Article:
Solving Quadratics With Factoring
The reason you’ve learned about factoring trinomials at this point in your Algebra 1 career is that it can be used to solve a lot of quadratic equations algebraically. We’re going to build on our ability to factor with a little bit of mathematical logic to learn how to solve more complicated equations in just a few easy steps.
The first step is going to be to get the equation in the ax² + bx + c = 0 format. This is necessary because our logic for solving equations is going to rely on having everything set to equal zero a few steps down. Simply move everything to one side of the equals sign and you’re in good shape.
The next step is going to be to factor the polynomial you’re left with. If you’re got 6x² + 11x – 10 = 0, and you figure out that when you factor 6x² + 11x – 10 you get (2x + 5)(3x – 2), then your new equation is (2x + 5)(3x – 2) = 0.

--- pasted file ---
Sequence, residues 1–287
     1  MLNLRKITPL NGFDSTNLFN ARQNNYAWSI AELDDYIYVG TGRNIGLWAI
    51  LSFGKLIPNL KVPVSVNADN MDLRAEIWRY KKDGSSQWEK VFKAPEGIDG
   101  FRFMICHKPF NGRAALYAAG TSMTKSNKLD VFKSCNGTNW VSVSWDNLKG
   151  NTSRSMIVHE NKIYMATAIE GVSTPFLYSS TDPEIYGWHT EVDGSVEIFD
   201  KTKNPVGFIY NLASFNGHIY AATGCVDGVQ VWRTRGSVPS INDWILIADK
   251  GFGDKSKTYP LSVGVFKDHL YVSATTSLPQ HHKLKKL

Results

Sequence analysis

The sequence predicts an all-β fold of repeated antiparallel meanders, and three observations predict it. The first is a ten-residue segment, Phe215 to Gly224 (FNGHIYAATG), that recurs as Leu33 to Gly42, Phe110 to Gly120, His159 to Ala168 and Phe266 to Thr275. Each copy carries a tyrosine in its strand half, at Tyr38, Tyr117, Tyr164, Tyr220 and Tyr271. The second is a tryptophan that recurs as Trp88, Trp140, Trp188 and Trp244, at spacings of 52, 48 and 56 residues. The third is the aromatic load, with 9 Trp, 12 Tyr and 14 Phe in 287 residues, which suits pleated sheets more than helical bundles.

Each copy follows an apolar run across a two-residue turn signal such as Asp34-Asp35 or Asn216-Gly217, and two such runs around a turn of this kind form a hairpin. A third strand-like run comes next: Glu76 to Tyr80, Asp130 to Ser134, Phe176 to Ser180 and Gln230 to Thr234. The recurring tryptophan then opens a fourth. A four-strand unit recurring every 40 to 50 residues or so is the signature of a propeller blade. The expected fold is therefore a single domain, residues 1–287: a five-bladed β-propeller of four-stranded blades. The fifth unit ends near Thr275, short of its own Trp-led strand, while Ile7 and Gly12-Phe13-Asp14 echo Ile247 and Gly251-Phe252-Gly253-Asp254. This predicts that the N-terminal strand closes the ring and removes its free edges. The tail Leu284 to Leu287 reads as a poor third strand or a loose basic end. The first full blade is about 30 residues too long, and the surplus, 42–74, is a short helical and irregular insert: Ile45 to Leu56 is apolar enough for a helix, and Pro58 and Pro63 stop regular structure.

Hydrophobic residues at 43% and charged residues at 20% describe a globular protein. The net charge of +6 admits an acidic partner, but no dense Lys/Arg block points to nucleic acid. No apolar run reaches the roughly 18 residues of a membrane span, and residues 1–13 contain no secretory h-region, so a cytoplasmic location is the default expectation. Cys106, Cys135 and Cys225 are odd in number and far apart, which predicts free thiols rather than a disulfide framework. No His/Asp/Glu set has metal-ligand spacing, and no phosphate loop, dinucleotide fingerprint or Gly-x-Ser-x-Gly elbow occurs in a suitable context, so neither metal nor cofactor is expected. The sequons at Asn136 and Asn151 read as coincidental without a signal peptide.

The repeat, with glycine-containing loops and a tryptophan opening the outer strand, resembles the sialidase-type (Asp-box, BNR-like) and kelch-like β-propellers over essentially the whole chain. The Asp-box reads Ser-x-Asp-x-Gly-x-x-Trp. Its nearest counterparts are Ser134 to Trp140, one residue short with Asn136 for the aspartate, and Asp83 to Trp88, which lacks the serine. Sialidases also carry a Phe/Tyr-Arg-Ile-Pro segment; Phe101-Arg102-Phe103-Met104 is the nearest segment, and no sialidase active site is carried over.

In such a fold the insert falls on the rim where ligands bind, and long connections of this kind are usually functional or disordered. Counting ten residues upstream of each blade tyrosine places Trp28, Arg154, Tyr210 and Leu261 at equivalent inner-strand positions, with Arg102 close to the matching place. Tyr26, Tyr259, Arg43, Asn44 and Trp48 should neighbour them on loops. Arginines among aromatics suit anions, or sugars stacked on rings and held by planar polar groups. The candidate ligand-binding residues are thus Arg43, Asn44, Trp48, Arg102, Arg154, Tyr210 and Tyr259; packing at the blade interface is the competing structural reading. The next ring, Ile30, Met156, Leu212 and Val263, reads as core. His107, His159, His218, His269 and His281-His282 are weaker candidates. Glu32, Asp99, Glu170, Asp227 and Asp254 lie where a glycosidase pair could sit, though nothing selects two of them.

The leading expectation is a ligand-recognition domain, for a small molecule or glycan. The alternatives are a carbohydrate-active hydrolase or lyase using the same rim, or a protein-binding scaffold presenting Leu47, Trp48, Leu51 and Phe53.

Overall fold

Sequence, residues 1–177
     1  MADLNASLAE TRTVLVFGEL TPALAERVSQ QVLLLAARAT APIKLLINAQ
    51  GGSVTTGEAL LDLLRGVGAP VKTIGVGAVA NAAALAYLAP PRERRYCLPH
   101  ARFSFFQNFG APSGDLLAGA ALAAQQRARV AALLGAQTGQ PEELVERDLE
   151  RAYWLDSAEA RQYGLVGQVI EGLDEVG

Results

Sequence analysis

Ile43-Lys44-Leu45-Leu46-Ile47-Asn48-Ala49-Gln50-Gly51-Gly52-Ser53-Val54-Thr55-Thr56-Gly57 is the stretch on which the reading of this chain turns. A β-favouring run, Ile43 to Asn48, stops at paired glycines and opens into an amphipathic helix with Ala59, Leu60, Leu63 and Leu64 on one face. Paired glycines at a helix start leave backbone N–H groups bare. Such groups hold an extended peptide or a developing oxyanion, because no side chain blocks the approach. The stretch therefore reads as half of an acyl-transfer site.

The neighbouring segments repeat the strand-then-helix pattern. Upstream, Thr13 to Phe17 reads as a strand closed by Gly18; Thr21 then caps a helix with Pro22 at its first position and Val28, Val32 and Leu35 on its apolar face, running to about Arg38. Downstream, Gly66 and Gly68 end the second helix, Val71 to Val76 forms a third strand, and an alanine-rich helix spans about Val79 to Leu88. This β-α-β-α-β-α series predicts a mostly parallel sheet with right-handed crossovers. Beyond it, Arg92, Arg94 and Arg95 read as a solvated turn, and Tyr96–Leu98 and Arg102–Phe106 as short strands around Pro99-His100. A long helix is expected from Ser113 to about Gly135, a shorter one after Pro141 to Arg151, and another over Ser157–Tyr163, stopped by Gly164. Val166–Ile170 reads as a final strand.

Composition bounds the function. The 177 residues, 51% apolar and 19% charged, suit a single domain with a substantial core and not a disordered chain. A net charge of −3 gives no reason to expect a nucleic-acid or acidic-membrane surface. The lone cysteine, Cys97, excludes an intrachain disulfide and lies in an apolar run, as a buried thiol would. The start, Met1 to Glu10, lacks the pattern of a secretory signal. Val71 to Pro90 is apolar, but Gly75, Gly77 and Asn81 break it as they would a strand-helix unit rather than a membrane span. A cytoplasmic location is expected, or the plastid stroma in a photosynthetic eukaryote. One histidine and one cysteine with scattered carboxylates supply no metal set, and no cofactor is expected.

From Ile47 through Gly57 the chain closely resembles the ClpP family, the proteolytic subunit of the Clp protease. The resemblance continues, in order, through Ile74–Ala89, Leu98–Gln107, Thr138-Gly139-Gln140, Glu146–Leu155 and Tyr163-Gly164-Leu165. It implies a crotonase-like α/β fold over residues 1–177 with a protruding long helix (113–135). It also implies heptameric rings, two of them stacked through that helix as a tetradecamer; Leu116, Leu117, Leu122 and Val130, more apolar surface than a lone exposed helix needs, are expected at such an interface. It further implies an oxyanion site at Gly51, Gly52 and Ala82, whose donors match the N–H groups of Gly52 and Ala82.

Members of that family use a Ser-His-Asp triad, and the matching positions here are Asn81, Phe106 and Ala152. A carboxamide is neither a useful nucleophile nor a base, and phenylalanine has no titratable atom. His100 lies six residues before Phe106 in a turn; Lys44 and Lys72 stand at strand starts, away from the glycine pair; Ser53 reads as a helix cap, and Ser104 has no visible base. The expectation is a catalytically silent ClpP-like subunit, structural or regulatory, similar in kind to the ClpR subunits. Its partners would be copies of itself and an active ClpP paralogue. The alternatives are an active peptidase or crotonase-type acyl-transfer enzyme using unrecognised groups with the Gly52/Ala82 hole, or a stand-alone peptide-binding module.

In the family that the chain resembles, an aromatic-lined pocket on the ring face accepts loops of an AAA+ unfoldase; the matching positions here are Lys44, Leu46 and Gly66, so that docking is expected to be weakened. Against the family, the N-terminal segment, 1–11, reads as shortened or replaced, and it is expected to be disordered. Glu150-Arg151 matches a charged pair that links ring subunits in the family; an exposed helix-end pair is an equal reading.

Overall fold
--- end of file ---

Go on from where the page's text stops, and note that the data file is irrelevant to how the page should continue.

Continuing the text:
Now that we have the equation factored, consider the following. If a set of values are multiplied together to equal zero, what does that tell us about the values? For example, if we have ab = 0, what does that tell us about the variables a and b? It tells us that either a, b, or both are equal to zero. So we know that a = 0 or b = 0, or both.
Going back to our example, we know after factoring that (2x + 5)(3x – 2) = 0. So what does that tell us about 2x + 5 and 3x – 2? It tells us that 2x + 5 = 0 or 3x – 2 = 0, or both. Now we have some simple equations we have solved before, and we get the following:
If you remember back to our initial discussion of solving quadratics, you’ll recall that we said some quadratics will have two possible answers. Now that we have two possible answers, let’s check them both by plugging them back into the original equation to see if we get something that makes sense. Let’s start with x = -5/2:
We see that x = -5/2 checks out. So now let’s try x = 2/3:
And we also see that x = 2/3 checks out. Both of these are solutions to the original equation, and we figured this out by adding one step on to factoring.